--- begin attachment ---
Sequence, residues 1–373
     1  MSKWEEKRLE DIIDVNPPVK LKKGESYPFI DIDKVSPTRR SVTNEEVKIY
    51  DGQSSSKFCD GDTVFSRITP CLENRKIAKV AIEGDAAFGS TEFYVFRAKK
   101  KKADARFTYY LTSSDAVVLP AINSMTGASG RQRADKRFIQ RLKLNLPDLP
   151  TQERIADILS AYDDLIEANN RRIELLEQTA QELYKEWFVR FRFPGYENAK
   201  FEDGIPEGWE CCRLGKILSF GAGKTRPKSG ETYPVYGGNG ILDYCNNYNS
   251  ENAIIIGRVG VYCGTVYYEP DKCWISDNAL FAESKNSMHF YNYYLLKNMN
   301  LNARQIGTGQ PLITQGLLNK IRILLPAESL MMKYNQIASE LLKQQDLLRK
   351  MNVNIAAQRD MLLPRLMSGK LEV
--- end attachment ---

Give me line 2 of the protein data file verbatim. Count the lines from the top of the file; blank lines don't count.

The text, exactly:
     1  MSKWEEKRLE DIIDVNPPVK LKKGESYPFI DIDKVSPTRR SVTNEEVKIY